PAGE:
NEW DELHI, (Reuters) – India’s foreign minister accused Pakistan on Sunday of trying to dodge blame over the Mumbai attacks’ Pakistani origins by leaking a story about a hoax call to Pakistan’s president that set off diplomatic panic.
Pakistan’s Dawn newspaper reported on Saturday that Pakistan had put its forces on high alert after a caller pretending to be Indian Foreign Minister Pranab Mukherjee threatened President Asif Ali Zardari while the attacks were still going on.
“I can only ascribe this series of events to those in Pakistan who wish to divert attention from the fact that a terrorist group, operating from the Pakistani territory, planned and launched a ghastly attack on Mumbai,” Mukherjee said in a statement released on Sunday.
Pakistan insisted the call came from an official and verified phone number in India’s foreign ministry.
New Delhi has demanded Islamabad take swift action over what it says is the latest anti-India militant attack emanating from Pakistani soil.
At least 171 people were killed during the three-day assault last week across India’s financial capital, which has imperilled the improving ties between the south Asian nuclear rivals.
Officials from “third countries” called to inform Mukherjee of the hoax call, he said. He did not name them, but Dawn said the caller was a worried U.S. Secretary of State Condoleezza Rice, who was in both capitals last week to ease tensions.
“It is, however, worrying that a neighbouring state might even consider acting on the basis of such a hoax call,” he said.
Mumbai police have said the gunmen were controlled by the Pakistan-based Lashkar-e-Taiba (LeT) group blamed for earlier attacks including a 2001 assault on India’s parliament that nearly sparked a fourth war between India and Pakistan.
LeT was formed with the help of Pakistan’s intelligence agencies to fight Indian rule in Kashmir, but analysts say it is now part of a global jihadi network sympathetic to al Qaeda and may have direct ties with the al Qaeda network.
Britain’s Observer newspaper on Sunday reported it had used electoral rolls and accounts from villagers it did not identify to prove the only gunmen captured alive came from Faridkot, a village in the Okara district of Pakistan’s Punjab.
The gunman, whom the Observer identified as Ajmal Amir Kasab, had already told Indian police he came from there. But Zardari and other Pakistani sources have expressed doubt he was from Pakistan. Indian police identify him as Mohammed Ajmal Kasab.
In Mumbai, hundreds of Muslims wearing black ribbons held silent vigils outside some of the attack sites. They carried placards with messages like: “Enemies of our motherland are our enemies” or “Killers of the innocent are enemies of Islam.” “These terrorists attack, and ordinary Muslims have to suffer the fallout and live in fear,” said Mumbai shopkeeper Salim Ali.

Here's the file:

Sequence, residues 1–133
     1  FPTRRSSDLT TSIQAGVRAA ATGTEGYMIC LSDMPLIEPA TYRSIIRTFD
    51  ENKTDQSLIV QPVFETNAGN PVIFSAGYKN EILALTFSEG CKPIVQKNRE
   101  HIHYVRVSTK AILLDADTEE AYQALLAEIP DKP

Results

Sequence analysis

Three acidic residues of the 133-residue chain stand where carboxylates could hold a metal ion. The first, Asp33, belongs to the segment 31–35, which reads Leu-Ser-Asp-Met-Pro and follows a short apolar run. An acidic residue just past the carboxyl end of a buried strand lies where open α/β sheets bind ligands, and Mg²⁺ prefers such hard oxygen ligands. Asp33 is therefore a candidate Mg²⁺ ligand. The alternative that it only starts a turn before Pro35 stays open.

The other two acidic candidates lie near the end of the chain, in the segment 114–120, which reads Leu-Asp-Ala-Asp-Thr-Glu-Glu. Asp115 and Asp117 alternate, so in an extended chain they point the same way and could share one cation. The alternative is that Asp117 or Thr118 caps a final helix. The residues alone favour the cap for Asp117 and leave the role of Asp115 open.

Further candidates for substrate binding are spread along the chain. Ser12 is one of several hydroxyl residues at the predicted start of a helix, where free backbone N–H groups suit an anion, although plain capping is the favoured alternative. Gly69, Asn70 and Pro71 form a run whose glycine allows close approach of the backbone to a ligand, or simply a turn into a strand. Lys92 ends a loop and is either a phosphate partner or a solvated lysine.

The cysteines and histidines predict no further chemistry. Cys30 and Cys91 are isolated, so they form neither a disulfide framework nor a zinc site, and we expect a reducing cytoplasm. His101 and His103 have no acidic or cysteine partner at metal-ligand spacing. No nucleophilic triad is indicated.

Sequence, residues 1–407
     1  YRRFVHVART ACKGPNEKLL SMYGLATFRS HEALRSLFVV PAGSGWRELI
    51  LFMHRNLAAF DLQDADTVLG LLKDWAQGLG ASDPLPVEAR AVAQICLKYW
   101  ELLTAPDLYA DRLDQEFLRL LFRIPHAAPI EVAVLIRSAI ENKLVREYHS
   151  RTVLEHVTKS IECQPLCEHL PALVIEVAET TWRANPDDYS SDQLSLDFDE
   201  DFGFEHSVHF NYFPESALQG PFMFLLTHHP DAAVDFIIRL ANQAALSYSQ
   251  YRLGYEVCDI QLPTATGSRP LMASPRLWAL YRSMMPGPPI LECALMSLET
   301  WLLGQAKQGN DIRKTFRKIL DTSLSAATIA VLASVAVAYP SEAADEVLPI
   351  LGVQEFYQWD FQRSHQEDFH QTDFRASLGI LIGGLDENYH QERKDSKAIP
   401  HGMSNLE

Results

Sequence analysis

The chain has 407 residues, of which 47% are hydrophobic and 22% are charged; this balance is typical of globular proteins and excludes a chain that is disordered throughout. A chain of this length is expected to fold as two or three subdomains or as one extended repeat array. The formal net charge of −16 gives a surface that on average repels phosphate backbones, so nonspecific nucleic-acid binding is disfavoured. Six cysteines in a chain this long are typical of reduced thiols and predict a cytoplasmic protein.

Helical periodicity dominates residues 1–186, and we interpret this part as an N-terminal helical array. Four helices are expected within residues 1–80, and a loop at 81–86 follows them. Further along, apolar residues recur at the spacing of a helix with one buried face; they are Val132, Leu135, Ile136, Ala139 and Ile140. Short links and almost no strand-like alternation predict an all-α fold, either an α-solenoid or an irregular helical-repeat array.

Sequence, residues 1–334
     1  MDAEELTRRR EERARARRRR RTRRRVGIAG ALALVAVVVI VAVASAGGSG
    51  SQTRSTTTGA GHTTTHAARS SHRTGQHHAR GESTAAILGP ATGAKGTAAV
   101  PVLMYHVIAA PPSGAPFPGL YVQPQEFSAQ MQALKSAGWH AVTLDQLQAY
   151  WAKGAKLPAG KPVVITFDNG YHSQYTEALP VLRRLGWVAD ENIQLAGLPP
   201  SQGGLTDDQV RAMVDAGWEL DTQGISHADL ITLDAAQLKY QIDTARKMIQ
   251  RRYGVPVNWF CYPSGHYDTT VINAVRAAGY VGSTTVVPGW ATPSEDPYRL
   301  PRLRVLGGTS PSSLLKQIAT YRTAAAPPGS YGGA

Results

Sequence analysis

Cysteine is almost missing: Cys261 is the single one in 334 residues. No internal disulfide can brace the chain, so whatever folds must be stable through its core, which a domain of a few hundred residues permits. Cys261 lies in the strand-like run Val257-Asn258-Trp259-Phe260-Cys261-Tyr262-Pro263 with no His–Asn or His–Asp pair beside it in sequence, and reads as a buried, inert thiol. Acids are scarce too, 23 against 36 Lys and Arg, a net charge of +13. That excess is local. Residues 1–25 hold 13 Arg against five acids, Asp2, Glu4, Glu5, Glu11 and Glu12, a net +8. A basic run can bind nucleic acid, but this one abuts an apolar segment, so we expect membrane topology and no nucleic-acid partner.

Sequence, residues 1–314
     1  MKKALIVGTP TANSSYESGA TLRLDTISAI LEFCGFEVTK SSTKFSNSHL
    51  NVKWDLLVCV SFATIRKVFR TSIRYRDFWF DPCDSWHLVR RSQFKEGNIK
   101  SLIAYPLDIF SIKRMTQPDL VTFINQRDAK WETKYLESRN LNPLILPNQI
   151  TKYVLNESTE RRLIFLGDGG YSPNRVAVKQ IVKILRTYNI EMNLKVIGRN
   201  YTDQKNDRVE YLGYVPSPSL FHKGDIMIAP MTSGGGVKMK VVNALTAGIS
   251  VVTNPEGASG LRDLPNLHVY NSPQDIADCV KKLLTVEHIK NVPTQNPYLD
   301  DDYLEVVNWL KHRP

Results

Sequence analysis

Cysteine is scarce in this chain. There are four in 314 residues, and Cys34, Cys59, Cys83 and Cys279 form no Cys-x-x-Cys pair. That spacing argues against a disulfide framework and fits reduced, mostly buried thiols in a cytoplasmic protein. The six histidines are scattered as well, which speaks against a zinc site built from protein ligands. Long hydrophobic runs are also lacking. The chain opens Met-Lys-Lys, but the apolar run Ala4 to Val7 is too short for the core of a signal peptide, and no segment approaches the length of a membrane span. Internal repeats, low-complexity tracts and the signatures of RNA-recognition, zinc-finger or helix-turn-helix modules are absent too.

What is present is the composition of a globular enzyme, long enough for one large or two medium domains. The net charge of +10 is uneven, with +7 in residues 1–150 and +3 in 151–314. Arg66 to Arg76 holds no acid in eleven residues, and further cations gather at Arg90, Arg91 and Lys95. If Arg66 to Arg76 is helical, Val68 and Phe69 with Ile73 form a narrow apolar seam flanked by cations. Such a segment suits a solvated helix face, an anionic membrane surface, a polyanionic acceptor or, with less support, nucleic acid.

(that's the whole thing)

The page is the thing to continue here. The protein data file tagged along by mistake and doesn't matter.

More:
Last week, Muslim clerics refused to give burial rites to the nine dead gunmen. Most of India’s 1.1 billion people are Hindus, but about 13 percent are Muslims. Muslims and Hindus have clashed in the past, spurred by hardliners on either side.
India’s main opposition party capitalised on public anger at the authorities’ failure to prevent the 60-hour Mumbai rampage. Elections are due by May 2009.
The new home minister has admitted there were security lapses, and Prime Minister Manmohan Singh has proposed a national counterterrorism agency to cut across the state lines which now divide police forces and often frustrate coordination.
Police in the Himalayan region of Kashmir, over which India and Pakistan have fought for six decades, said on Sunday that one of two men arrested on Friday for helping get mobile phone cards to the gunmen had recently been hired as a constable. “We are investigating whether he was on an undercover operation,” a top Kashmir police officer said on condition of anonymity. The man, Mukhtar Ahmed, had worked for years as an informal anti-militant informant, the officer said.
An LeT-linked man suspected of reconnoitring Mumbai well before the attacks has been in custody since February in the northern state of Uttar Pradesh, police Special Task Force chief Brij Lal told Reuters.
The disclosure about Faim Ansari, 26, was the first evidence to emerge of Indian complicity in the attacks.
“Strangely, Mumbai police had returned Ansari when we sought to hand him over to them after we discovered Mumbai road maps highlighting places like the CST railway station, the Taj hotel and state police headquarters in his possession,” Lal said.
The train station and Taj were both attacked last month, and police in Mumbai now want to question Ansari, Lal said. Mumbai police had no immediate comment.